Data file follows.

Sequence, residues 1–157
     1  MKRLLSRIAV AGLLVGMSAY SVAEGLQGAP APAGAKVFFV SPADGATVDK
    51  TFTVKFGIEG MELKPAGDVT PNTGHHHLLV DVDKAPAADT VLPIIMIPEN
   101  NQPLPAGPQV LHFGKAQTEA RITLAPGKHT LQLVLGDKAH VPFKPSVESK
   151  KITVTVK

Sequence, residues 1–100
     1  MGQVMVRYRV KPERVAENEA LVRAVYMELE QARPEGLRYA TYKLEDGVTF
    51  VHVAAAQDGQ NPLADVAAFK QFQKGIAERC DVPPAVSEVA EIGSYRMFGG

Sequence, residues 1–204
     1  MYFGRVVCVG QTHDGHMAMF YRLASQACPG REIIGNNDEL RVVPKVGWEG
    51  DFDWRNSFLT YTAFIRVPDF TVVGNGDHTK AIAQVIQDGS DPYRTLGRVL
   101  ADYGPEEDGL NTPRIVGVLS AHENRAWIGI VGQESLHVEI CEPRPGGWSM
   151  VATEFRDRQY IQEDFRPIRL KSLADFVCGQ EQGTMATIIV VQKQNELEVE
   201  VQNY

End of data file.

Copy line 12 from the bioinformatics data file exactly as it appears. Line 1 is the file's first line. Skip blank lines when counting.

   101  ADYGPEEDGL NTPRIVGVLS AHENRAWIGI VGQESLHVEI CEPRPGGWSM